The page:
It’s been a terribly busy year in politics in the UK, and whilst we’ve all been busy worrying about Brexit and the US elections our glorious masters have been quietly getting on with business. Doing such things as deciding that our ISP’s must block legal adult sites if they don’t do enough to verify our ages, not matter where they are located. The OpenRights group have a petiton to stop that. However the bill also requires that ISPs record every site you visit for 12 months. Of course if those weren’t bad enough on their own search engines and social media sites are also being put under pressure to “filter” “fake news”. This is a bill that had been defeated before and faced strong opposition but with everyone distracted by other events it was quickly pushed through – proving yet again that eternal vigilance is required.
So how did this happen where was the opposition, well we were all busy fighting numerous other battles. “But what” I hear you cry “about the loyal opposition”? Surely with the Conservatives having such a slim majority this can’t have gone through without a fight? Well it didn’t get much support, but it equally got virtually no opposition, it passed on 281 ayes and only 15 nays as the majority of all the opposition parties simply didn’t bother to turn up to vote it down.
So I’m going to hold all of the opposition parties just as responsible for it as the Conservatives and when they attack it remind them they chose not to oppose it. For those still in the “nothing to hide, nothing to fear” camp it’s worth noting that the USA has just given us an excellent demonstration of how quickly and unexpectedly a Government can change. Bills like this put into place a framework that can very easily be extended to cover far more than they were ever designed for.
From a technical point of view once you have the mechanism in place for blocking specific sites, the content of those sites doesn’t matter anything can be added to the list. Once the Government can tell our ISPs that we can’t see one thing they’ve established the ability to prevent us from seeing other things as it suits them. For those of you thinking that if only we’d not voted to leave the EU they’d have saved us, well the EU has plans to “regulate” the internet as well. Thus it seems that we are stuck with being censored and snooped upon. So what is to be done?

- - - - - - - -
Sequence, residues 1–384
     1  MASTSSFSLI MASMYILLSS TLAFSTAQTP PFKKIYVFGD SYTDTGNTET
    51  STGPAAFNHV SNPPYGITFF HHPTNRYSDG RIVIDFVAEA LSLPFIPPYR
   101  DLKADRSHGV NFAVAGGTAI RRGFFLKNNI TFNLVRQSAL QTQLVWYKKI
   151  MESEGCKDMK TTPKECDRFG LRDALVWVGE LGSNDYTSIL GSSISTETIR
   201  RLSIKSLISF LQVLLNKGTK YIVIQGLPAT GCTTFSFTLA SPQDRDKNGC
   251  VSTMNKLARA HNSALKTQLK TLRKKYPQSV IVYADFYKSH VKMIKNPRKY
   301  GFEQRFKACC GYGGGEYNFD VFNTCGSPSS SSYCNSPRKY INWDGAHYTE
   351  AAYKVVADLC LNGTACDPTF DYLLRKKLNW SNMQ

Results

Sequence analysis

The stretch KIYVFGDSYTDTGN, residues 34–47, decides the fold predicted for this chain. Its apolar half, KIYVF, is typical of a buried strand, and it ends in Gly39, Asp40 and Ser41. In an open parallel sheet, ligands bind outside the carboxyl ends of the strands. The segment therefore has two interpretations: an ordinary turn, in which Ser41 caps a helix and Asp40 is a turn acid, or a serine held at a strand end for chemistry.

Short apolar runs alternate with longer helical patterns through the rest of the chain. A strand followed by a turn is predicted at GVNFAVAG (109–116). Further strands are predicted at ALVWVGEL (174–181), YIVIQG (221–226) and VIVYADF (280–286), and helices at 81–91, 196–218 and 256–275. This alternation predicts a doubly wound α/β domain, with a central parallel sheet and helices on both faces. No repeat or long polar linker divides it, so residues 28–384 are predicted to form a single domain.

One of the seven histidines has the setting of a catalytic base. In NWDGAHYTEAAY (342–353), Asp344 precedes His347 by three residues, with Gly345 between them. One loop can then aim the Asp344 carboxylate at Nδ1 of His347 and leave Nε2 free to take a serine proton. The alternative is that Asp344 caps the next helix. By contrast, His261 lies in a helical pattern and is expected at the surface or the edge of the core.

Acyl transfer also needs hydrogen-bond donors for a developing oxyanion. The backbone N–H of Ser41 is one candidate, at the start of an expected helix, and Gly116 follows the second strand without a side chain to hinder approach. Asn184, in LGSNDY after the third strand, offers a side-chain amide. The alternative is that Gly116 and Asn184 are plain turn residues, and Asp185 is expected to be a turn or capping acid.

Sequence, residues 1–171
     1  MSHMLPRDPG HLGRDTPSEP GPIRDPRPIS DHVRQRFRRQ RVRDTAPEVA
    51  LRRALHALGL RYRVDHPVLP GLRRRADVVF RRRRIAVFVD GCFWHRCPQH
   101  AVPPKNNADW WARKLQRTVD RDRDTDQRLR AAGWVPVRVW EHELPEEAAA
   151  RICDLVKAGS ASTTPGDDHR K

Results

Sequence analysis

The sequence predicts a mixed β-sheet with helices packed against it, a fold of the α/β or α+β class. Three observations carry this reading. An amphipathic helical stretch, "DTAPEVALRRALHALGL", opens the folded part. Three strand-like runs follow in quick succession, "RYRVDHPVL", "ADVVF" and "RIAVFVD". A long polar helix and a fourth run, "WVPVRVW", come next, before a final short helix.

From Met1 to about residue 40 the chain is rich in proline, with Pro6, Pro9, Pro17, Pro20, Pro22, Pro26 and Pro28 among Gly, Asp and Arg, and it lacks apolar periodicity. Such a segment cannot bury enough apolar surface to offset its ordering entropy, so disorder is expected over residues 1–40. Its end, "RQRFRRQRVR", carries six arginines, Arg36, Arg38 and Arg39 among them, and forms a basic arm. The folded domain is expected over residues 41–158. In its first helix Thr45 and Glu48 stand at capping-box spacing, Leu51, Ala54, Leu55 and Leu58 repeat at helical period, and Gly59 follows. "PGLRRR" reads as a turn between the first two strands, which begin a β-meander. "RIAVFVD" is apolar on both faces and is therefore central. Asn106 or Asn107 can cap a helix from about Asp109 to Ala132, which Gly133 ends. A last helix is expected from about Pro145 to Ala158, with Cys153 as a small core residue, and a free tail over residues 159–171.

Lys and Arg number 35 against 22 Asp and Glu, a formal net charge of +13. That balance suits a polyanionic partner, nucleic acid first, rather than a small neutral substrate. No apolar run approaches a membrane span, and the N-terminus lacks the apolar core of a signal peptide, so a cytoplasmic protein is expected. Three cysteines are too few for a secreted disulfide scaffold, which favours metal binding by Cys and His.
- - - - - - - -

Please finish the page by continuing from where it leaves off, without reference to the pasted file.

A tiny bit of thought suggests there is both good news and bad news. To implement what the government wants it will either in the large be easily circumvented or it will require far more in-depth snooping just to get the trivial information the law requires. The good news is that the deep snooping on everyone would be far more costly to implement so they’ll probably go for the easily circumvented method to be able to claim to have implemented the law. In either case we can take simple steps to make their work harder and to protect our privacy at the same time, sadly some of these things will require more technical knowledge than most people have. Which of course works well for the Government as the majority of people they can snoop on and the ones they can’t provide a much smaller haystack to look through.
The easiest and cheapest way to make sure we don’t go to bad sites and to keep track of where we go is to put rules in at the DNS level. This allows the ISP to block bad sites cheaply and to log everywhere you might want to go at the same time. The good news is this can be worked round by simply not using your ISPs DNS servers, use Google or OpenDNs. Though they of course will also be subject to Governmental pressure so you’ll be better off using your own DNS or some other more privacy focused provider. Of course ISPs will at some point probably have t get round to intercepting such DNS traffic but that will be obvious and can be worked round with a few more steps.
If they don’t go the DNS route, the next obvious choice is invisible web proxies, now these will obviously only work for web traffic but lets be honest that’s most things these days. At the proxy level they just look at what URL you’re requesting record it and block it as required nice and simple and again easily worked around. The simplest work around is use something like HTTPS everywhere. This forces your browser to use encrypted channels whenever possible, so a simple proxy can’t tell what you’re requesting and makes you more secure. The ISP can still tell what IP you want but if that’s on a content delivery network or a shared server that doesn’t tell them enough to block without causing a lot of collateral damage.
If they want to know what’s going on in encrypted channels they have to do all sorts of expensive and dubious deep packet inspection type stuff which costs them actual money in terms of the hardware needed especially if they don’t want to make everything suspiciously slow. Once we get to this stage the defenses involve use proxy servers and VPNs in more friendly regimes and they’re getting few and far between.
So the bill is horrendous, the opposition parties are useless and as bad as the Government, but chances are they’ll half arse the job and it will be easy to work around. Except of course if there are only a few people working round the problem they’re a much smaller target to take care of. Which probably means that no much will care enough to do anything, the Government will get away with it, another fence will be put in place around our freedoms and when we get a truly nasty Government in place that fence will be put to good use. At which point the opposition parties, Labour, SNP and the rest will be as culpable as the parties that voted it through.